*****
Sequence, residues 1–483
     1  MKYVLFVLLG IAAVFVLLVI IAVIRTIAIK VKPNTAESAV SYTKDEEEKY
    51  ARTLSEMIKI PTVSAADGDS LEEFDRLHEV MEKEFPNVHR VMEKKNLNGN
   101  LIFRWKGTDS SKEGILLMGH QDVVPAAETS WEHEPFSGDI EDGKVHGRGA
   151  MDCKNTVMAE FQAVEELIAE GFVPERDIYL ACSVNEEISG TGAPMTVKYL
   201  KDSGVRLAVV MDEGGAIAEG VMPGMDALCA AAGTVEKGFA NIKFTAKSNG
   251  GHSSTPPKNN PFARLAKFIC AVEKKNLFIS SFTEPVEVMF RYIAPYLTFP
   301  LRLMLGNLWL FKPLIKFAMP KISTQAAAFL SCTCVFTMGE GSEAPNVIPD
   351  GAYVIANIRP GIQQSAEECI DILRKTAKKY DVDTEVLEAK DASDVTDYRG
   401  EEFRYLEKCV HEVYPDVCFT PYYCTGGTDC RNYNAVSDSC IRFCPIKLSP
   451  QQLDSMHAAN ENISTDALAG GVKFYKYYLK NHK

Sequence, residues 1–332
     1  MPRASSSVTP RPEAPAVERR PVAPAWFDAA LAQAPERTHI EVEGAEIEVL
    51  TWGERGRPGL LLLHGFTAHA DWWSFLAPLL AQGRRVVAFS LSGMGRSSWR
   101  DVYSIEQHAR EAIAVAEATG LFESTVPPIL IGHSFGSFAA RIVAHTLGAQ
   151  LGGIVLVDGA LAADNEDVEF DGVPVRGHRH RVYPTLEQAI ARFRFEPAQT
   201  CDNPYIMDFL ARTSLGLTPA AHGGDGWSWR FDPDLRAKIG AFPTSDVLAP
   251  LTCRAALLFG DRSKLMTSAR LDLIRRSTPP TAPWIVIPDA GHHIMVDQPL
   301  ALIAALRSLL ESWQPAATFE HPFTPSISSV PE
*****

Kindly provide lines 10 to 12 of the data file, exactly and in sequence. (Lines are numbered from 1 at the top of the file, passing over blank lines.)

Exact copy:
   401  EEFRYLEKCV HEVYPDVCFT PYYCTGGTDC RNYNAVSDSC IRFCPIKLSP
   451  QQLDSMHAAN ENISTDALAG GVKFYKYYLK NHK

Sequence, residues 1–332